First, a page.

We get this question more than any other question this time of year. While power raking has it's purpose, there are definitely times when you really don’t need it. Power raking is the process of mechanically removing excessive thatch from the thatch layer above the soil. Thatch is basically a layer of dead and living grass shoots, stems and roots between the grass blades and the soil. Aerating, de-thatching and power raking are all used to help control or eliminate thatch build-up in our lawns.
But before we start going to war on thatch, we need to know a couple of the biggest misconceptions about thatch that many of us have come to believe.
-Thatch is bad for the lawn- Thatch actually is not bad for our lawns. Almost all lawns have thatch and having some thatch in your lawn is beneficial to your turfs health. We have been taught that if there is thatch in your lawn, it needs to be removed. However, a healthy thatch layer, usually anything ½ inch or less, helps protect our lawn as an insulation from temperature fluctuations, helps retain soil moisture, helps prevent compaction by acting as a cushion, and also provides a constant source of organic matter to our soil as it continues to break down
–If you mulch your lawn, you need to power rake- This one is another big misconception. Proper mulching does not create thatch! Grass clippings are over 80% water. So grass clippings decompose very, very quickly. Remember, as mentioned above, thatch is made up primarily by dead and living shoots, roots and stems….not clippings. Now, if you mulch improperly, there is a possibility that the amount of clippings produced may take longer to decompose due to the excessive volume of the cut grass. In those instances, if the lawn is repeatedly mulched improperly, the clippings could possibly contribute to an increase in thatch
The reason this is important to know, especially if you are trying to decide if you should power rake or not, is we really don’t want to remove all of our thatch. An easy way to tell if you need to power rake your lawn, is taking a cross section or a plug out of the lawn and actually looking at the thatch layer as shown above. If there is more than ½ or ¾ inch of thatch, you may need to address it. But normally, that just isn’t the case. In the early spring, it can be deceiving when we look at our grass. Basically all we see is dead, brown grass. So we immediately assume we have a thatch problem, when all we really are seeing is the dead shoot growth from the preceding season. Once you mow your lawn down, you will usually eliminate the majority of that dead layer, exposing new, green growth below and leaving the beneficial thatch.
There are a few things that you can do to help maintain a good, healthy thatch layer in your lawn.
1. One of the biggest contributors to thatch buildup is based on your variety of grass. Kentucky bluegrass, zoysia, and sometimes bermuda will develop excessive thatch due to the amount of rhizomes or stolons produced by these varieties. Stem nodes, crowns and roots are more resistant to decay, therefore, they take much longer to breakdown and can build thatch up faster than other varieties of grass. Tall fescue, however, will rarely have an issue with excessive thatch unless the fescue has been over fertilized, over watered, or improperly mowed.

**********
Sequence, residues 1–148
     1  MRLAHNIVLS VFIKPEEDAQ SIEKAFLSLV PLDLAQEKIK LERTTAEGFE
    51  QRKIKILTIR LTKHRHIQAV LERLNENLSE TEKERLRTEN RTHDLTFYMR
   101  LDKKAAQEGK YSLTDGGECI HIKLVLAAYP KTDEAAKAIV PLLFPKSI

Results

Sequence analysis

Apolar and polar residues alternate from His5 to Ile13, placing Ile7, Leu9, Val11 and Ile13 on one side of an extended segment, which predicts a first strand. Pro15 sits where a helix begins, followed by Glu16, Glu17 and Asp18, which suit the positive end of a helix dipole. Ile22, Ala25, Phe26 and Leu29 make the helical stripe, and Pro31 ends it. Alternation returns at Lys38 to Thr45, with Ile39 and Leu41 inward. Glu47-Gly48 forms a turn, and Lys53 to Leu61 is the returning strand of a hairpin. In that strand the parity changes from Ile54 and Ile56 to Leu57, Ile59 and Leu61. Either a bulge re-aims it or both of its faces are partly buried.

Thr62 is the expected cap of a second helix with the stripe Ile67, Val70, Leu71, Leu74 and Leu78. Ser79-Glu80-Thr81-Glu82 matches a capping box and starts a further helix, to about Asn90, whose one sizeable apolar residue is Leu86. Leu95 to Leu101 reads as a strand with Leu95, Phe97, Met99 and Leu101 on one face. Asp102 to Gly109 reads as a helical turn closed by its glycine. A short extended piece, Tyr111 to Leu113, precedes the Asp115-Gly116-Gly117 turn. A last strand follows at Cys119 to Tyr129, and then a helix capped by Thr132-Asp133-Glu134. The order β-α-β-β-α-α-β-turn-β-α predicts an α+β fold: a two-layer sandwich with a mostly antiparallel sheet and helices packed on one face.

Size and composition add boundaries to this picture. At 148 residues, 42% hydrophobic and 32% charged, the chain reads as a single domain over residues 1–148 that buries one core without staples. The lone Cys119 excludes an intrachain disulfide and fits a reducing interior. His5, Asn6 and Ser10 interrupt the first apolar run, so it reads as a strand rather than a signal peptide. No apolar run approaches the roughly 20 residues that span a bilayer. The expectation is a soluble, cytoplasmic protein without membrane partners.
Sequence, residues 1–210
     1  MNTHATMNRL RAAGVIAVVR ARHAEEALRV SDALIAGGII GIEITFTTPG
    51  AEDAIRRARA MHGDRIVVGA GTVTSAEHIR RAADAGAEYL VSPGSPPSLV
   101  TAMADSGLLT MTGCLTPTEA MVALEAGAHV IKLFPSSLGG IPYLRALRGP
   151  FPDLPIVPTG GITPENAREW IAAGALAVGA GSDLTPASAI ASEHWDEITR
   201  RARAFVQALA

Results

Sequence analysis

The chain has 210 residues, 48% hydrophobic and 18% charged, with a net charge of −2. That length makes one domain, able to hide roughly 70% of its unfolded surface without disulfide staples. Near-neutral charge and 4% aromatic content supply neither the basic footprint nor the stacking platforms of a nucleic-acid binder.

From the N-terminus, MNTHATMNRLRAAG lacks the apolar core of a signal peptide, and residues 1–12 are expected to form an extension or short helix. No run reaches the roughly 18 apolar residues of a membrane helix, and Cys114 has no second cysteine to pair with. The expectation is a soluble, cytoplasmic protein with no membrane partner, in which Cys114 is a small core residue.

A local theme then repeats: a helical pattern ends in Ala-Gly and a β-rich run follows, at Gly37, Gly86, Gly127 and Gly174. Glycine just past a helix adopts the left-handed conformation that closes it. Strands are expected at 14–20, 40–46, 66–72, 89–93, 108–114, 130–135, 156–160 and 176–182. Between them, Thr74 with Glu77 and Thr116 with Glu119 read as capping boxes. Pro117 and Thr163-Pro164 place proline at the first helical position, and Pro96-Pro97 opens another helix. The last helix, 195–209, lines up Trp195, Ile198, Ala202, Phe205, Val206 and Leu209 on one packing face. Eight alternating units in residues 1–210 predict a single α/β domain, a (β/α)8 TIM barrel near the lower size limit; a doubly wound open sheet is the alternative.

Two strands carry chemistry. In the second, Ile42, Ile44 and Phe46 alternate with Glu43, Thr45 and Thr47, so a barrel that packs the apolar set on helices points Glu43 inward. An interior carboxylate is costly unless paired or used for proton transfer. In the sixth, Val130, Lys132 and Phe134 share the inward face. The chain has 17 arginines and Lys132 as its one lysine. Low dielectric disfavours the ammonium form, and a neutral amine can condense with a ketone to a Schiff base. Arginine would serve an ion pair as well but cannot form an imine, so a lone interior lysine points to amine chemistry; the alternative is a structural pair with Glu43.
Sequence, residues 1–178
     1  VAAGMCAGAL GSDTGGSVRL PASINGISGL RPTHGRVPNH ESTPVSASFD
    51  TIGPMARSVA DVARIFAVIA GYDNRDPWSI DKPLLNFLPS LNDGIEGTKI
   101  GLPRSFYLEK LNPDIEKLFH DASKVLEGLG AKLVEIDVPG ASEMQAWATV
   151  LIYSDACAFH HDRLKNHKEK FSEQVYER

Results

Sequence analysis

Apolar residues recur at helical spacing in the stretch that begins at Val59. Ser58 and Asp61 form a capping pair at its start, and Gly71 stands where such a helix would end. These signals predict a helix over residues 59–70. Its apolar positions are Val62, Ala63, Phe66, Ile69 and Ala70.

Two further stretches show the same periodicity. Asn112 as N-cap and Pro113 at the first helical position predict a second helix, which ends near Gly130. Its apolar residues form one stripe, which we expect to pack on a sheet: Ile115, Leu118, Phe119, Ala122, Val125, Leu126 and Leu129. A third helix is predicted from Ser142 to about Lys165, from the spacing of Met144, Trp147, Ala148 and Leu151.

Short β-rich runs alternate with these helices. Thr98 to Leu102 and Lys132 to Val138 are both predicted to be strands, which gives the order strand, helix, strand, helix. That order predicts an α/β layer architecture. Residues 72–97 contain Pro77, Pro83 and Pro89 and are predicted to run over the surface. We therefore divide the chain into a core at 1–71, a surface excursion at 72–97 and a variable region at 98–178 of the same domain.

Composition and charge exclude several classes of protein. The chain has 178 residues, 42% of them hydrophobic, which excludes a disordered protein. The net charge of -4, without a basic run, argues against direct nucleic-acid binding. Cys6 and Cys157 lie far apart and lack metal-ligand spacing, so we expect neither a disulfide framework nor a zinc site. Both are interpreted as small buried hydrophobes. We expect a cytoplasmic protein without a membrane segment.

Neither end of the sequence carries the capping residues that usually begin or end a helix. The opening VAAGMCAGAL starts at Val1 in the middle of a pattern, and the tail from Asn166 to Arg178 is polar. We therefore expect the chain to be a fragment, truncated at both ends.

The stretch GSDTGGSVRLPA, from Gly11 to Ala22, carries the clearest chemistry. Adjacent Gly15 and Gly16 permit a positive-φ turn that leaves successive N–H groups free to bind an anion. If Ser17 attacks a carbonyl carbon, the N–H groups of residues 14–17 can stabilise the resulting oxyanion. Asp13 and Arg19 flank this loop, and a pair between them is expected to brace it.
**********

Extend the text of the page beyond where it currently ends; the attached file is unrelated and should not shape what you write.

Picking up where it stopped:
2. Proper fertilizing is another way you can help eliminate the accumulation of thatch in your lawn. Avoid over fertilizing, as excessive nitrogen will cause increased leaf, root, and stem growth. Over application of nitrogen will also acidify your soil, which can also reduce the rate of microbial activity in your soil, slowing down the rate in which thatch can be broken down. So, do not apply high rates of nitrogen in the spring or summer, to help eliminate excessive growth patterns in your cool season turf.
3. Lastly, maybe the most beneficial and important practices in maintaining a healthy layer of thatch, is core aeration. Without going too deep into the importance of aeration, just know that aeration helps to eliminate compaction in the soil, improving air movement and gas exchange into the soil, which in turn increases microbial activity, which then increases the breakdown of thatch. This is why you will rarely see thatch problems in lawns with earth worm activity. Earth worms naturally aerate your soil below the surface. Also, the cores pulled from the soil during aeration will remove a little bit of thatch as well.
Hopefully this helps clear up some of the confusion in regards to power raking or not power raking your lawn. We are not against power raking, and when it is necessary, it can definitely benefit your lawn, but make sure you analyze your lawn properly, or contact a professional lawn care company to go over it with you! If you decide that your lawn does indeed need to be power raked, make sure that it is done at the proper time of year. When needed, cool season turf should be power raked in the early fall, but it can also be done in the early spring if absolutely necessary. Warm season turf can be power raked in late spring or early fall, but the same rule applies, ½ inch of thatch is healthy for warm season turf as well.
As always, if you have any questions regarding your lawn, contact us or your professional lawn care provider, and we would be more than happy to help you with the proper solution to your lawn care problems! Thank you all and God Bless!!